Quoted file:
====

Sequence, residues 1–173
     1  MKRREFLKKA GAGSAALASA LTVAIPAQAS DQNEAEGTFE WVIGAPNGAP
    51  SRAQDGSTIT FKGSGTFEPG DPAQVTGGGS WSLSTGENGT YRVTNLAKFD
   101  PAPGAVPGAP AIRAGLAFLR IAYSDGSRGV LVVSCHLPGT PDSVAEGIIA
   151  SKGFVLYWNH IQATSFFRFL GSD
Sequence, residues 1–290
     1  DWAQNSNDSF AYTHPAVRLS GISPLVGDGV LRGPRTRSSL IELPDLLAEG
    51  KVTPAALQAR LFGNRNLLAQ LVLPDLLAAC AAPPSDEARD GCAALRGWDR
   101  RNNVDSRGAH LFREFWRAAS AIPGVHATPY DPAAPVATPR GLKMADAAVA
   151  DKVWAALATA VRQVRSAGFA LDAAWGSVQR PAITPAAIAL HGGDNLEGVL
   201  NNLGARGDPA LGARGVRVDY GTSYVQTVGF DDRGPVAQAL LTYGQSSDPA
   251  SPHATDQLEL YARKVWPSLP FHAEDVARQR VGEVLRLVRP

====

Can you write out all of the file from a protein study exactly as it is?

Sequence, residues 1–173
     1  MKRREFLKKA GAGSAALASA LTVAIPAQAS DQNEAEGTFE WVIGAPNGAP
    51  SRAQDGSTIT FKGSGTFEPG DPAQVTGGGS WSLSTGENGT YRVTNLAKFD
   101  PAPGAVPGAP AIRAGLAFLR IAYSDGSRGV LVVSCHLPGT PDSVAEGIIA
   151  SKGFVLYWNH IQATSFFRFL GSD
Sequence, residues 1–290
     1  DWAQNSNDSF AYTHPAVRLS GISPLVGDGV LRGPRTRSSL IELPDLLAEG
    51  KVTPAALQAR LFGNRNLLAQ LVLPDLLAAC AAPPSDEARD GCAALRGWDR
   101  RNNVDSRGAH LFREFWRAAS AIPGVHATPY DPAAPVATPR GLKMADAAVA
   151  DKVWAALATA VRQVRSAGFA LDAAWGSVQR PAITPAAIAL HGGDNLEGVL
   201  NNLGARGDPA LGARGVRVDY GTSYVQTVGF DDRGPVAQAL LTYGQSSDPA
   251  SPHATDQLEL YARKVWPSLP FHAEDVARQR VGEVLRLVRP